Contributed by John J. Grabowski, Ph.D., Historian/Senior Vice President for Research and Publications, using resources from WRHS’s collections & archives.
The history of assisting new immigrants in Greater Cleveland is linked, in many ways, to the work of women who have used their skills, as lawyers, agency directors, and volunteers to assist newcomers to our city over the past century.
Margaret Wong and Associates, one of the nation’s foremost immigration-focused law firms had its beginnings, so to speak, in Hong Kong. That is where Margaret Wong was born. Her father was Hwang Mien Lin, a newspaper publisher and her mother Kuan Kuo Hua, a journalist. Margaret’s goal was to study medicine, and in order to so she obtained a student visa to the US. She and her sister Cecilia arrived in 1969 with four suitcases, several hundred dollars, and with some rudimentary English. She studied initially at Ottumwa Heights College in Iowa and then graduated from Western Illinois University. However, her plans would change when she decided to, instead, study law. She graduated with her JD in 1976 from the SUNY Buffalo Law School where she was one of only four women in the class.
Her search for a legal position was difficult, made so by biases against women and immigrants. She persisted and eventually came to Cleveland where she found a position at Central National Bank as a credit analyst. Yet, her desire was still to practice law, and given her own experiences as an immigrant, she wanted to focus on immigration law. She did so by starting her own law firm in 1978. Today Margaret Wong and Associates is one of the premier immigration law firms in the nation, a feat made possible by Margaret’s incredible work ethic and her desire to assist those who are confronted by an unbelievably complex body of rules, regulations, and case law that today govern immigration to the United States. Headquartered on Chester Avenue in Cleveland, and with offices in New York City, Chicago, Atlanta, Memphis, Nashville, Minneapolis, Columbus, and Raleigh, the firm now has three partners, nine associates, and a number of paralegals. For many immigrants, Margaret Wong’s dedication and that of the members of her firm have provided new, secure lives in the United States.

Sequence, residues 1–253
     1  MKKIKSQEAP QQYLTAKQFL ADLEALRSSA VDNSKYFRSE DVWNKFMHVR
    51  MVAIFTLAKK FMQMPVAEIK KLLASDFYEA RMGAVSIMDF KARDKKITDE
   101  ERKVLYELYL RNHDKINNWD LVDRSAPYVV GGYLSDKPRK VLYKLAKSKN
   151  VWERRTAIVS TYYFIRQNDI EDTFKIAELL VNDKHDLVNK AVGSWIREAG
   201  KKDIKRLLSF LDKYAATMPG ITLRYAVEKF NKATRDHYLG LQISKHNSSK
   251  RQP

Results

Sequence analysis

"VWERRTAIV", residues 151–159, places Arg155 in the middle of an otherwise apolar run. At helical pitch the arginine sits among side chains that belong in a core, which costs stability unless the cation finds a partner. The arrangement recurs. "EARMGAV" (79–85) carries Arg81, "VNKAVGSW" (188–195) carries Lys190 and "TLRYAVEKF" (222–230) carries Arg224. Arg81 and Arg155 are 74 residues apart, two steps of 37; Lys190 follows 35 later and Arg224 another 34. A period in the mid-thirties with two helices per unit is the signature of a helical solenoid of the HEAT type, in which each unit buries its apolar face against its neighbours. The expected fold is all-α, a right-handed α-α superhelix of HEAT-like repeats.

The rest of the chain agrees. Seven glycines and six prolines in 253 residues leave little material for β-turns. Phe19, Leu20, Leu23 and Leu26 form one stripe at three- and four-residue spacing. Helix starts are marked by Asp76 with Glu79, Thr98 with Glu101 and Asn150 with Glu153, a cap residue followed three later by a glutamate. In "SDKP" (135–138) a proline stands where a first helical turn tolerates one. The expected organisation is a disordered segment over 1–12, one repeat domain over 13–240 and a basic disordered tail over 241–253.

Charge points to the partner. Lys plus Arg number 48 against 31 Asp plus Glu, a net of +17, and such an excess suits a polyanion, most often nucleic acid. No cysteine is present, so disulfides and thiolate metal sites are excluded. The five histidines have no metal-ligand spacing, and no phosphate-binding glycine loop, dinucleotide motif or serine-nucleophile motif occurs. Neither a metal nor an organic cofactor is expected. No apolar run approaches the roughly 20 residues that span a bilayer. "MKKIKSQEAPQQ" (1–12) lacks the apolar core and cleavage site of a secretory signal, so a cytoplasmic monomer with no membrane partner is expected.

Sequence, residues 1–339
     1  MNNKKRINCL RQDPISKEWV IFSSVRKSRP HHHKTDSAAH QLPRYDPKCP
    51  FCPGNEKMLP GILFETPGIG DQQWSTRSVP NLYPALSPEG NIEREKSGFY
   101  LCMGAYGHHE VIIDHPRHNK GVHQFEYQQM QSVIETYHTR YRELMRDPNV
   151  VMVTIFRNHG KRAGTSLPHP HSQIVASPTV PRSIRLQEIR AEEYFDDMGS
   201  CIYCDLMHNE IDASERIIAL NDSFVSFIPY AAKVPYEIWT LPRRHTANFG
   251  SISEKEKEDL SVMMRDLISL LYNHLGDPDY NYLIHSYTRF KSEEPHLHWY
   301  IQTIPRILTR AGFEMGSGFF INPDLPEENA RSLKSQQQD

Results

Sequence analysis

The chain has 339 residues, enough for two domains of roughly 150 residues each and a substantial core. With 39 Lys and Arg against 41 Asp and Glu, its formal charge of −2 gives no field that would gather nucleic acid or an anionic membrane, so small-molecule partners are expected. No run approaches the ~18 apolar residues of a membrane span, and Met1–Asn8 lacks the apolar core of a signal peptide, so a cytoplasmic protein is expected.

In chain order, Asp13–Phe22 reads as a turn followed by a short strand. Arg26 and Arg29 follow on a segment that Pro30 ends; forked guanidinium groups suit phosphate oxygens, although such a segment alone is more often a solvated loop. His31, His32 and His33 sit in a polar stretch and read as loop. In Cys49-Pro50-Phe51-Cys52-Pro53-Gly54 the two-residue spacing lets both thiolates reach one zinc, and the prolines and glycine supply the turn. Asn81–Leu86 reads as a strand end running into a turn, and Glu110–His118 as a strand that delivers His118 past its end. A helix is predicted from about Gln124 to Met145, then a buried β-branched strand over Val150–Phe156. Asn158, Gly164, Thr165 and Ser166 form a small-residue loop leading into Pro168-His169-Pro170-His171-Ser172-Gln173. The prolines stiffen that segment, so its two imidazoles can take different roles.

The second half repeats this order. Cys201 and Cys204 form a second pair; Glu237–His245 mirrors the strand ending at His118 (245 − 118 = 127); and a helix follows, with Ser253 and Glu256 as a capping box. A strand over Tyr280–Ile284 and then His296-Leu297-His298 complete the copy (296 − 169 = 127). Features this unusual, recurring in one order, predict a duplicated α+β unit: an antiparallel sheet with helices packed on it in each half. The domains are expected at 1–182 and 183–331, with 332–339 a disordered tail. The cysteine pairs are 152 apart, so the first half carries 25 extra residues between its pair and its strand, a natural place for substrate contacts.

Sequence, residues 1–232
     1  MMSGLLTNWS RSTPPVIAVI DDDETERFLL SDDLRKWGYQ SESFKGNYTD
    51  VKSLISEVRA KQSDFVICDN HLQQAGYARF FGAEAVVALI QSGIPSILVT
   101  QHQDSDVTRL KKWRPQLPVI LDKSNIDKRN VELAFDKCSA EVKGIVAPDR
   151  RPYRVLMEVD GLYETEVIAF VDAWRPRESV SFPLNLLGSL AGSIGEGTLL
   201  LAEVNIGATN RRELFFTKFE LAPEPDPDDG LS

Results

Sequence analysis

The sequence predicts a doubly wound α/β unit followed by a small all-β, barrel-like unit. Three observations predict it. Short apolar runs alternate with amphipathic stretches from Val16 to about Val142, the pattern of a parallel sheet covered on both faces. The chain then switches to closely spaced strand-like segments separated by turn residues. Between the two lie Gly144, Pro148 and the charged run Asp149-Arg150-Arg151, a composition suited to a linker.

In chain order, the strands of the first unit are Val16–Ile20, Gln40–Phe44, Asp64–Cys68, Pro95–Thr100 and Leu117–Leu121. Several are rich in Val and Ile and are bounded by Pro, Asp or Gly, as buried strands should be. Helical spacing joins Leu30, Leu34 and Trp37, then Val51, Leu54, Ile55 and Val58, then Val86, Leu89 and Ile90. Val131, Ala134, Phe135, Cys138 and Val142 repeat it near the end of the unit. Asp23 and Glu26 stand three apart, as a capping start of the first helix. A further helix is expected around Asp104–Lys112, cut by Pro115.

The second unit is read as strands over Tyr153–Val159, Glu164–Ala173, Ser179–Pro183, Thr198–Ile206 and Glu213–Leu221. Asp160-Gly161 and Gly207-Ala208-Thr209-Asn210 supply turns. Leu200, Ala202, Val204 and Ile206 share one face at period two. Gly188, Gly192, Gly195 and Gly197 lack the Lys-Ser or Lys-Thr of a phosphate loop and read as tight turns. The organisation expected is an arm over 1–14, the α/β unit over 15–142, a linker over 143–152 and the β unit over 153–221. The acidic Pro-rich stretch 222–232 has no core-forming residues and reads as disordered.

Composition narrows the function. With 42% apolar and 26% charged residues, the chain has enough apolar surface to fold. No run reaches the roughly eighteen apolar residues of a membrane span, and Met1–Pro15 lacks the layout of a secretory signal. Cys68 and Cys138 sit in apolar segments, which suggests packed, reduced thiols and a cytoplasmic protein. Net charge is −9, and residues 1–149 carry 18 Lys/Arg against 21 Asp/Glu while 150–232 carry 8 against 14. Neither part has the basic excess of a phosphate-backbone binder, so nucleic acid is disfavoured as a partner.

Margaret Wong’s story is, perhaps the most recent of those that relate to women who have helped immigrants in our city and nation. The history of one of Cleveland’s premiere immigrant aid organizations clearly reflects that connection.
In September 1916, the Young Women’s Christian Association of Cleveland established its International Institute “…for the protection and welfare of immigrant girls.” Margaret Fergusson would head the Institute from 1926 until 1954 when it merged with the Citizens Bureau to form the Nationalities Services Center. Both institutions had, up to that time, assisted over one hundred thousand immigrants and refugees. Lucretia Stoica, the daughter of Romanian immigrants and formerly a case worker at the International Institute, would become the Deputy and then the Executive Director of the merged agency, serving as its head for twenty-six years until her retirement in 1988. Algis Ruksenas would become director in 1988. Renamed the International Services Center in 1994, it would again be led by a woman, Karin Wishner, after Ruksenas’ retirement in 2006. Karin who had previously worked with the Center’s educational programs would then oversee its merger into the United States Committee for Refugees and Immigrants in 2016. She would retire in 2019. Today Dylanna Grasinger heads both the Cleveland and Erie, Pennsylvania offices of the USCRI.